2020.10 The Taiwan Banker NO.130 / By David Stinson
Get Tech Regulation Right Before Doing FintechUS laws keep commerce separate from banking, but the definition of commerce is also changing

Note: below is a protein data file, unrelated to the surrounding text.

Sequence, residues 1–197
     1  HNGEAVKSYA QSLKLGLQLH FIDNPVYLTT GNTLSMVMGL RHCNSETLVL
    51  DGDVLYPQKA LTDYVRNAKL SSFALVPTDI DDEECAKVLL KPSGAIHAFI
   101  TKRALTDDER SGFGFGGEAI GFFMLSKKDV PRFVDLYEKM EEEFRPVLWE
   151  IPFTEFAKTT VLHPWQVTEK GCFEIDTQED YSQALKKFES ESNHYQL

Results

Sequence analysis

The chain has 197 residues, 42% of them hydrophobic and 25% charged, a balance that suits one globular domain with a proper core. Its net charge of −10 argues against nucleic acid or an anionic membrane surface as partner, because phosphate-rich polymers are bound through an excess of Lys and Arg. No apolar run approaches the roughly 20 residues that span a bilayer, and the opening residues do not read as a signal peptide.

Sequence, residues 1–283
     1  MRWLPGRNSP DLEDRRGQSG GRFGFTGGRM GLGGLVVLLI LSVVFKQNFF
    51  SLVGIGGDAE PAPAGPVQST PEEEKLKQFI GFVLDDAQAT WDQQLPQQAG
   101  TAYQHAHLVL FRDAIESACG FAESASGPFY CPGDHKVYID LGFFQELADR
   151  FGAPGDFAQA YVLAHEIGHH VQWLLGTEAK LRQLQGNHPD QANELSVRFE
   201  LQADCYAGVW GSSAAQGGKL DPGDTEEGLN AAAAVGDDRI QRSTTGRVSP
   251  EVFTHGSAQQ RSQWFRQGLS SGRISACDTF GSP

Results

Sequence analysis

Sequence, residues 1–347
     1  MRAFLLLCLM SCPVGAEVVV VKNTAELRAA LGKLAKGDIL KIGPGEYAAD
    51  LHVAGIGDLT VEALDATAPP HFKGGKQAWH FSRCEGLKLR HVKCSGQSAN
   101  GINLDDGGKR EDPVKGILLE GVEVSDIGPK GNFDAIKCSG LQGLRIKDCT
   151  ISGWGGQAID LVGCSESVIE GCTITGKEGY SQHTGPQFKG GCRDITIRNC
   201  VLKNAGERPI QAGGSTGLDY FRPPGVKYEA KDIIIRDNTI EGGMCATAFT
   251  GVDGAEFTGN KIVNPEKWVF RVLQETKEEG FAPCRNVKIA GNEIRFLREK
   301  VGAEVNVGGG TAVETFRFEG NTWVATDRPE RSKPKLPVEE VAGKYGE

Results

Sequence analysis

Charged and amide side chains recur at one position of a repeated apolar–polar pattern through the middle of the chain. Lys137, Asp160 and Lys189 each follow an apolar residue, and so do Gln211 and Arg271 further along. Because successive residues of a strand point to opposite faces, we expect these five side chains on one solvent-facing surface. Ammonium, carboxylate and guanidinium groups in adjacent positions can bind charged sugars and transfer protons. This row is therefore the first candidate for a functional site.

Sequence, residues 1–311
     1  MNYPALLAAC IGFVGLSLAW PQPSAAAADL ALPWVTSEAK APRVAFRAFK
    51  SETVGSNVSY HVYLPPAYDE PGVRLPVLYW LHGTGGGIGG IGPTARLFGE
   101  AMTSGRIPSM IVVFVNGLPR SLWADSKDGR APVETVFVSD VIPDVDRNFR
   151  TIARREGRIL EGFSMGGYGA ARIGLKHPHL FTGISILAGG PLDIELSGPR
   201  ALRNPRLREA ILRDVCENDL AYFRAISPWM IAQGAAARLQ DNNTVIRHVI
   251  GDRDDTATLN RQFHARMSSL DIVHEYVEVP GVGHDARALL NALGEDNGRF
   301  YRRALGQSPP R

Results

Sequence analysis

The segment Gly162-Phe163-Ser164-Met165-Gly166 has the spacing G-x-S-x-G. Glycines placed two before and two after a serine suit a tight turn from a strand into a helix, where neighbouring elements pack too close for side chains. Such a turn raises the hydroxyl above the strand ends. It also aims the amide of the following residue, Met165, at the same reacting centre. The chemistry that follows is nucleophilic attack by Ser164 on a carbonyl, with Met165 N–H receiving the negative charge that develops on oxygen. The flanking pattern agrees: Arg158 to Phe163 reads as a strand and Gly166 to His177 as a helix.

Rather than the tech industry itself, the debate in the US over the role of technology companies the financial system is instead being driven by the experiences of a decidedly less advanced company: Walmart. Big tech has been steadily working to chip away at the advantages of banks, creating payment application scenarios, developing biometric technologies to make verified interactions more convenient, and gathering data to reduce information asymmetries. Nevertheless, pure tech companies (as opposed to native fintech startups) have eschewed the cumbersome process of directly registering as a bank to do core lending/deposits business. The reasons have to do with a combination of external factors and the positioning of the companies themselves. American regulators have always been suspicious of large conglomerates involving finance, eschewing the industrial group model frequently found in Asia. From the outside, it’s difficult to ensure that finance companies’ lending decisions to related counterparties are fair, and tech companies have been causing monopoly concerns even without operating in finance. Meanwhile, in March 2020, the payments platform Square and student loan servicer Nelnet were approved for a special license called an ILC charter, allowing them to operate in many ways like banks. The ILC arrangement goes back a long way. A pivotal event occurred in 2007, long before the so-called FAANG (Facebook, Apple, Amazon, Netflix, and Google) dominated the stock market. In that year, Walmart withdrew the application it submitted two years earlier for an ILC charter. Following that controversy, no further such licenses would be issued after 2008 until this year. Industrial Loan Companies (ILCs) have been used by a variety of non-bank companies over the years as financing arms of their other operations. Debate about the role of ILCs preceded Walmart’s application, but due to Walmart’s politicized image – a positioning which might be compared to Facebook today – it served as a focal point for debate. Progress in fintech licensing will determine the extent to which regulators see the difference between tech infrastructure an brick-and-mortar commerce. Not just a loophole The separation between commerce and banking has a long history in the US, going back to the 1956 Bank Holding Company Act (BHCA). Critics of the ILC arrangement call it a “loophole” around the BHCA, and its legal basis certainly makes it look that way. ILCs are defined by the laws of certain states which allow them, not the federal government. Over half of US ILCs are based in Utah, although they are permitted to operate nationally. The regulatory concerns related to tech firms in banking are diverse, ranging from systemic stability to monopoly and conflict of interest. Systematic stability in turn includes two concerns. The first is that tech firms may not be subject to the rigorous requirements of the Federal Reserve, which were expanded after the financial crisis. Even if these financial institutions don’t become important on a systematic basis, this difference in regulation gives them an unfair advantage. Meanwhile, even though ILCs aren’t subject to this type of federal oversight, they still receive the benefits of deposit insurance through the Federal Deposit Insurance Corporation (FDIC). More broadly, regardless of any formal arrangements, they may still be considered “too big to fail,” giving theholding companies that own them a powerful form of insurance, even when they may not be banks. General Motors Acceptance Corporation (GMAC) operated as an ILC before changing its status on an expedited basis in order to receive US$ 17.2 billion in emergency funds. A 2019 white paper by the Independent Community Bankers of America (ICBA) expounded on a variety of arguments against ILCs and more. Small community banks have a very different business culture from tech firms – even more than for larger financial institutions – and the ICBA’s position makes it appear as if the industry perceives them as potential rivals. The organization also opposed an earlier, ultimately unsuccessful proposal for a federal fintech charter. Community banks are not just under pressure from tech. They were disproportionately hit by the Dodd-Frank Act following the financial crisis, at the same time that their original advantage of branch coverage is becoming less relevant – resulting in precipitously declining numbers over the past decade. Some of the more forward-looking ones have however also partnered with tech firms to serve as back-ends for their more strongly branded counterparts. Household names like Stripe and Robinhood are powered by lesser-known brands like Cross River and Sutton Bank. Data Banks Beyond all of the potential issues that might arise from combining technology with industry, the technology side itself also has an entirely different set of pre-existing issues. Its business model innovation is summed up by the phrase “if you’re not the customer, you’re the product.” Users are being offered as commodities to marketers (Google and Facebook) or to investors directly in lieu of profits (Amazon), creating obvious potential for conflicts of interest. This is a problem for which the existing regulatory frameworks are unprepared – particularly anti-monopoly policy. Although frequently thought to be a solution because it provides a pretext for the government to execute powerful policies, monopoly doctrine currently revolves entirely around price for the end consumer. Unlike sectors which directly sell to consumers, tech often subsidizes its users, making this measure irrelevant. For the advertisers themselves, who pay for the services, the monopoly argument is particularly weak. A growing movement called the New Brandeis school is advocating to expand the definition of antitrust to include the entire supply chain, not just end users. When suppliers are squeezed, the result may not be entirely bad for customers, who benefit from lower prices in the short term. Rather, the costs may be subtle and less direct, such as less product variety or long-term investment. Because the legal system is not properly set up to adjudicate such matters, these scholars say – nor to move as fast as the tech industry – regulators must anticipate problems ahead of time based on industry structure. The other major approach to tech regulation is data governance, regarding platforms as data intermediaries in the same way that banks are financial intermediaries. The US has lagged Europe in this regard, with no equivalent to the GDPR – which might be attributed either to philosophical differences or federal inaction. Nevertheless, the 2019 California Consumer Privacy Protection Act (CCPA) serves as ade factonational standard: tech companies, even more so than in other industries, are unwilling to differentiate their content by state. The US is also discovering data governance through Chinese apps like TikTok, but this is being framed entirely in the context of national security rather than domestic policy. The tech industry becomes a target A successful tech-finance merger would create benefits that probably can’t yet be fully understood. A recent paper by the Bank of International Settlements called “Data vs Collateral,” using data from Ant Financial, explored how fintech has reduced the property barriers to capital access. This has not only benefitted financial inclusion, but even financial stability (because utilization as collateral affects prices of the underlying assets). On the payments side, reduced transaction costs could change business in unanticipated ways. For the time being, however, outside of China, it remains to be confirmed whether the tech model is truly sustainable. The giants have come under steadily increasing scrutiny over the past five years as regulators and consumers become more educated about the value of their data. It remains to be seen whether the US will ultimately take a more punitive or supportive approach. Other Western countries have tended towards the latter, but without great cost because the major players are based in America. Whatever marginal business opportunities big tech could gain through a banking license are overshadowed by the consequences of this political process. Issues in the parent company are one of the key aspects of regulatory approval, which is why it’s so far only been more focused fintech firms who have attempted to go the banking route. A test case, however, has emerged with a third recent ILC applicant who has so far been unsuccessful. Rakuten, which has been compared to Japan’s Amazon, and is also opening an internet-only bank in Taiwan, resubmitted its ILC charter application in May. If ultimately successful, this case will demonstrate a shift in attitudes not only towards tech, but also towards the combination of banking with other industries.